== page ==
These crib quilts were quilted by Sherryl Tobias, Nappanee, Ind. I had originally planned to hand quilt them, but that just didn’t happen. As always, she has done a beautiful job.
The Berenstein Bear quilt was a simple project. I thought the center fabric was too cute to cut up, so I just sewed borders on it.
I didn’t have a pattern for this HST crib quilt. I just pieced it.
I don’t remember where the pattern for this quilt came from, I think it was in an American Patchwork & Quilt magazine. I’ve paged through the magazines, but I can’t find it, it has been at least 2 years since it has been pieced.
This is a big baby quilt. I know when I was rocking my babies, I like to cover up in the quilt too.
Our son, daughter-in-law and their children were here a week ago. They’re expecting a baby boy in October and he needs a quilt of his own. My DIL selected the Berenstein Bear quilt.
The next BOM I worked on was the Country Threads project. The July blocks were 3 12″ blocks.
The quilt top is being sewn in 3 sections. In the middle of July the first section layout was released. Here it is!
For August I pieced seven 8″ blocks! They are supposed to be sewn together in a continuous strip, but I’m waiting to sew them together until I see what blocks adjoin them.
Seven blocks are too long to fit into 1 photo.
I’m caught up with the Country Threads BOM, at least until September 1st.
I used to grow sweet corn for my family to eat and to freeze but I don’t anymore. It’s just too easy to go to the neighbors produce stand and buy it there. I recently purchased 2 bushels of sweet corn to freeze.
I sat a chair on the back of the truck. The Farmer will just sweep the husks off and feed them to the cows.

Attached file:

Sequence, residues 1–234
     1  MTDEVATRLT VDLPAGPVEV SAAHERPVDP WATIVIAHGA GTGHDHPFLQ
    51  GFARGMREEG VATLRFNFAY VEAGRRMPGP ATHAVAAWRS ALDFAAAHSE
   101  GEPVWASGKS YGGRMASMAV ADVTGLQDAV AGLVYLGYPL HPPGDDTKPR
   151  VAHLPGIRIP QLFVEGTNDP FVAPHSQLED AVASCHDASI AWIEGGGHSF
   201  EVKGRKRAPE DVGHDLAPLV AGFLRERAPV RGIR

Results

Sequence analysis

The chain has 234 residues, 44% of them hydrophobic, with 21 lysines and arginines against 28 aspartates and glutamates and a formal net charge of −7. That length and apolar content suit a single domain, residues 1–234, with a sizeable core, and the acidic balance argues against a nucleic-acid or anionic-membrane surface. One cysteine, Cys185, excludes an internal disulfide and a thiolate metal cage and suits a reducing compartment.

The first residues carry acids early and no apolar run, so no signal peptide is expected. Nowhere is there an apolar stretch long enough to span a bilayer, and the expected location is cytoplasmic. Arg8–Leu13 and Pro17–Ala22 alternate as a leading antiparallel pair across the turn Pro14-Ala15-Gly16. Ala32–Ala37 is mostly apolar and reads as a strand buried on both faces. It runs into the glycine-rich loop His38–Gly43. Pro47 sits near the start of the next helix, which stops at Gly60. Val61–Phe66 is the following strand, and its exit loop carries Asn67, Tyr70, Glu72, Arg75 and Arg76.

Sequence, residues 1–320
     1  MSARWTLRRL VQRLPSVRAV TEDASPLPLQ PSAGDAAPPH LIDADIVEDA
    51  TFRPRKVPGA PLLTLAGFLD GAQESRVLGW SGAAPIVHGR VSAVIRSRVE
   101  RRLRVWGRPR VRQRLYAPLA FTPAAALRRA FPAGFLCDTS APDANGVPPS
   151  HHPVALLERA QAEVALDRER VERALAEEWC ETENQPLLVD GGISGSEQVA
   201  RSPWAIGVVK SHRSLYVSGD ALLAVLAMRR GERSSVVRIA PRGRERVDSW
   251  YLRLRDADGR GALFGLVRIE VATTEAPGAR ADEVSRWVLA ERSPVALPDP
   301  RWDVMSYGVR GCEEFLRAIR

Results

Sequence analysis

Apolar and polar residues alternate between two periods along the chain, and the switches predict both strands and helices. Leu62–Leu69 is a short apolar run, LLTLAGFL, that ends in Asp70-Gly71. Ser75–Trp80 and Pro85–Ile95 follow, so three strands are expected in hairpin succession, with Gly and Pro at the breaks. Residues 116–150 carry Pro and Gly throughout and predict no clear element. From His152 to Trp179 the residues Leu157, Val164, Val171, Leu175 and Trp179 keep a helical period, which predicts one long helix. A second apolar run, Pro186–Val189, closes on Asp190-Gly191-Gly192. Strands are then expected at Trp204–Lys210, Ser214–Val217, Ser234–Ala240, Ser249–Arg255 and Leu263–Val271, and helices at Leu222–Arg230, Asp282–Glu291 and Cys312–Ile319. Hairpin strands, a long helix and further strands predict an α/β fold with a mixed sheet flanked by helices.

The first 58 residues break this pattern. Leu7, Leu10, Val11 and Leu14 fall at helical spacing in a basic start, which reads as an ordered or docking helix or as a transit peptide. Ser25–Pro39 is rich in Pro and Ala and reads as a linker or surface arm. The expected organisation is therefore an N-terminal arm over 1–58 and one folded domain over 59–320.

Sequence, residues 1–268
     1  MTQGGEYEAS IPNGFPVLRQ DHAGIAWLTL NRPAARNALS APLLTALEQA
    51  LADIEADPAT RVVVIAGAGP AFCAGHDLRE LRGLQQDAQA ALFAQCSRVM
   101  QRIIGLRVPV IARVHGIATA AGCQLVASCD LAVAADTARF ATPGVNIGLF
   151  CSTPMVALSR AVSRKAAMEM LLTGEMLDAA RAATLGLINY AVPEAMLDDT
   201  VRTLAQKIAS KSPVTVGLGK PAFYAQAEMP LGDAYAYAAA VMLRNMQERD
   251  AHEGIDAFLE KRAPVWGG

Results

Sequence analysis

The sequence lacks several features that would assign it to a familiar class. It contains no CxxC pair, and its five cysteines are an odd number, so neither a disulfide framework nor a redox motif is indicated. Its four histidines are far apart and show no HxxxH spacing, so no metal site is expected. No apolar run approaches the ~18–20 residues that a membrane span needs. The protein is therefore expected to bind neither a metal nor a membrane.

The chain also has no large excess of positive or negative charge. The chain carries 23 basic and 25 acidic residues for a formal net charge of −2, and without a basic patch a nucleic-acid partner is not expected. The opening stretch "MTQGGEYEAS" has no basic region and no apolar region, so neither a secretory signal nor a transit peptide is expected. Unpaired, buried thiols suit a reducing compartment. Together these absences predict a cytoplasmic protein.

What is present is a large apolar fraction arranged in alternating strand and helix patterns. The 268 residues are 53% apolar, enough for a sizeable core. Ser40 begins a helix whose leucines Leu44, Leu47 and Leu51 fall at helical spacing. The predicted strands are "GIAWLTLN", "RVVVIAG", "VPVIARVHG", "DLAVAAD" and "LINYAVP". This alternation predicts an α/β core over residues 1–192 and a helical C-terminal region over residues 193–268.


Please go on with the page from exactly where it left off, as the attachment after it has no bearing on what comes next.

Next the corn is blanched in boiling water . . .
Then cooled quickly in ice water. Ice cream buckets work great for freezing large chunks of ice.
Drain the corn throughly, then holding the ear of corn in my left hand, I take a very sharp knife in my right hand, and cut the corn off the cob. I wasn’t able to take a picture of myself cutting the corn. You just have to take my word for it. I keep putting the cut corn in a dish pan until it is full, then I fill the freezer boxes.
The 2 bushels yielded 30 pints and five 3/4-quart boxes of corn. Plenty for the two of us for this winter.
The farmer was gone several days the first part of the month, which means, no hay baling! I had time to work on some BOM projects and completed the Pumpkinvine BOM top!
She’ll go to the machine quilter this month. I was worried about the fabrics I had selected but they pulled together nicely. I wanted something different and I got it.
I also pieced a small project in connection with the Maple Leaf Quilt Guild. In appreciation of the work the outgoing president has done on behalf of the guild, each member pieces a quilt block for her. They usually give some kind of guide lines; the size or color or, in this case, the actual pattern. I’ve finally got my block sewn and will turn it in at the next guild meeting.
The block is oversized but I’ll let her square it up.
The early garden crops have been harvested and I have rough tilled the soil in that area. Field radishes have been sown to keep the weeds from taking over and will help loosen the soil for next year’s garden.
Field radish seed looks just like regular radish seed.
I plant the seed in my garden drill. The white round thingy is a “plate”. The planter has 6 plates for different size seeds. I can plant carrot seeds to seed corn. The farmer gave it to me for Christmas many years ago.
The tomato plants are loaded, they just need to ripen!
I replanted the carrots in July. The first planting just didn’t come up.